931 Foul Bay Road
Located on the Foul Bay escarpment in a residential area, ‘Kildonan’ is an imposing Arts and Crafts/Tudor Revival style two-and-one-half-storey residence (three-and-one-half at the rear) with full basement. It is set in a mature, sloped landscape within a series of terraced rockeries. It is approached by a curving drive off the east side of Foul Bay Road.
‘Kildonan’, built in 1913, is valued as an outstanding representative of Tudor Revival/Arts and Crafts architecture, a residential style popular in the early part of the twentieth century, particularly in Victoria where British connections were strong. Distinguishing elements of this style exhibited at this site include the multi-hipped roof, and the rich textural change in exterior materials with the stone foundation, stucco and half timbered upper storeys, and prominent granite chimneys. The main floor is built of hexagonal stones, reportedly installed by Scottish stonemasons. A large porte-cochère leads to the double-height panelled entrance hall with bowed balcony and grand staircase. The interior panelling is made from Australian and African wood, and a local firm crafted the extensive plaster mouldings.
This site is significant as one of the finest works of its architect, Samuel Maclure (1860–1929) who is closely identified with the predominantly British Arts and Crafts style of the domestic architecture he designed for prominent businessmen on Vancouver Island and the Lower Mainland. His reputation for designing exceptionally beautiful homes led to his largest commission, Hatley Park (1907) in nearby Colwood, now a National Historic Site (1995). Maclure gained international recognition during his forty-year career, with close to five hundred commissions, many of them in Oak Bay; including neighbouring 'Tor Lodge' and 'Foreen'. Maclure utilized many stylistic influences and was able to adapt his use of indigenous materials with versatility. Many of his buildings with their handsome and functional interiors have been recognized as masterworks and are considered part of the cultural heritage of BC.
‘Kildonan’ is valued for its association with Roderick Ross Sutherland, for whom it was built; and with Hungarian Count Albert de Mezey, a subsequent owner. Sutherland was a wealthy lawyer and stockbroker from Kildonan, Manitoba who became the Vice-President of the then Trust Company of Victoria Ltd. After the Second World War, during which the house was used as women’s barracks for the RCAF, the property was purchased by Count Albert de Mezey - a renowned rhododendron and orchid breeder known for his collection of rare rock and alpine plants. He was a friend and mentor to many gardening enthusiasts, most famously Peggy Abkhazi, and it is believed that some of the rhododendrons in her garden came as cuttings from de Mezey. A philanthropist throughout his life, in the late 1980s he donated ‘Kildonan’ to the Abbeyfield Society to be used as a registered non-profit retirement home.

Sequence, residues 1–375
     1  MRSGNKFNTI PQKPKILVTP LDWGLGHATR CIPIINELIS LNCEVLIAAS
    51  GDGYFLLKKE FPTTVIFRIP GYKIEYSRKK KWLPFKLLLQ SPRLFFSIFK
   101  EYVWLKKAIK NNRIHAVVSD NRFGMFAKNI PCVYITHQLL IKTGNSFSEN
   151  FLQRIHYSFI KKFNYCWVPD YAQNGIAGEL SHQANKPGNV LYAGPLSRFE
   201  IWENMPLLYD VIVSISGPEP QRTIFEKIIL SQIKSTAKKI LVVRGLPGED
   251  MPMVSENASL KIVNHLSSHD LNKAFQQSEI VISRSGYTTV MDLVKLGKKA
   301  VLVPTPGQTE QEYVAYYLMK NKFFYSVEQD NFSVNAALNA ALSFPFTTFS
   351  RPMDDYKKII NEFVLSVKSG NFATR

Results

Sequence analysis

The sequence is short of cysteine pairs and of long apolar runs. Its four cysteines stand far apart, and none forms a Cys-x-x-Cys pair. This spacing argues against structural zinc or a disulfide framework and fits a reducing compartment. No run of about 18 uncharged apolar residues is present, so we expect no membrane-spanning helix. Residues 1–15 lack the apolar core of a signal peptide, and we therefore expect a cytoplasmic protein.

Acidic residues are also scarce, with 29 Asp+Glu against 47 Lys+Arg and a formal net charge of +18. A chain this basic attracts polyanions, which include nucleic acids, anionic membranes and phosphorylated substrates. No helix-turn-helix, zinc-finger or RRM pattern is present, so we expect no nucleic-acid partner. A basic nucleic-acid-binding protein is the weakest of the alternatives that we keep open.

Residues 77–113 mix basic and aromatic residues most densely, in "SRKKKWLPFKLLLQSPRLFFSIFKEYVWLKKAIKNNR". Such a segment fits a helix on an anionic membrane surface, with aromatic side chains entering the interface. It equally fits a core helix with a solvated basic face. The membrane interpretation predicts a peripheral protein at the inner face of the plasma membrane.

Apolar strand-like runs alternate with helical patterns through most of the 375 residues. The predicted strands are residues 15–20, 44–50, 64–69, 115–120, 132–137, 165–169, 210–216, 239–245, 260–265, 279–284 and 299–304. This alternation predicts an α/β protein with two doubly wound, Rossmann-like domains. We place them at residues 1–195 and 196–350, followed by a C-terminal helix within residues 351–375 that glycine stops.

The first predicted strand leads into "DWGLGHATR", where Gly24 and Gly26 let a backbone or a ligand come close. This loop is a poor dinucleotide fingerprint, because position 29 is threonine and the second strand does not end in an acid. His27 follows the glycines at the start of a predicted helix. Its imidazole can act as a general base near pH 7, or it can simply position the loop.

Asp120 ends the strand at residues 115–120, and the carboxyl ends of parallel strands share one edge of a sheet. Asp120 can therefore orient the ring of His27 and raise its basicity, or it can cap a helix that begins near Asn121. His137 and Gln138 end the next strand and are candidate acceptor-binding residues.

‘Kildonan’ reflects the evolving needs of the community over time, as demonstrated by its occupants. It was one of the 1,500 houses built in Oak Bay between 1910 and 1913 prior to the onset of the First World War at a time when the area was experiencing a boom in residential construction and an optimal business climate, attracting large architectural commissions for wealthy clients. ‘Kildonan’ is an important component of Foul Bay Road cluster of contemporaneous heritage homes built for affluent professional clients during the building boom of before the First World War. It is a fine example of heritage preservation through adaptation to changing economic circumstances - from luxury mansion to wartime barracks and finally as an Abbeyfield home for seniors, a use which is well suited to conserving the house and its heritage within the larger community. As a result of changing economic circumstances the estate has been subdivided and the original garage and rear-entrance gates are now 2088 Falkland Place.
- views across south Oak Bay to Mount Baker and the Olympic Peninsula across the Strait of Juan de Fuca
- residential setback and location on Foul Bay escarpment, built on the rise
- form, scale, and massing
- complex picturesque roof line with slightly bell-cast hip-roofed, gables, and shed dormers
- wood frame construction with granite foundation, stucco and wood cladding
- style details such as: massive hexagonal stonework; grand porte-cochère with entrance staircase, exposed beams in the soffit, and granite piers; granite sills, deep eaves, substantial moulded string courses, window horns
- exterior architectural elements such as: prominent, multiple internal and internal chimneys with granite stacks, coal chute ‘Majestic Coal Shute Mfd. By the Down Draft Furnace Co. Ltd., Galt, Ont. Pat. Oct. 18, 1928’; curved granite staircase to full-length balcony, projecting stone canopies above secondary entrances with multi-paned wooden doors and decorative stone surrounds
- fenestration, and window types such as: multiple-assembly, double-hung sashes; casements with fixed and segmental central pane; leaded lights; bevelled glass staircase windows; all with original hardware
- interior elements such as: original woodwork, including panelling of Australian eucalyptus and African gumwood; bowed gallery with double staircase; recessed lights with plaster rosettes; original plasterwork; fireplaces, glazed double pocket doors; prisms in balcony floor; original bathroom fixtures
- landscape features such as: granite wall and battered piers along Foul Bay Road; gate piers with ‘Kildonan’ and '931’ incised in caps; terraced rockeries; mature rhododendrons, alpine plants, oaks, other mature deciduous and coniferous trees; granite alcove shaped grotto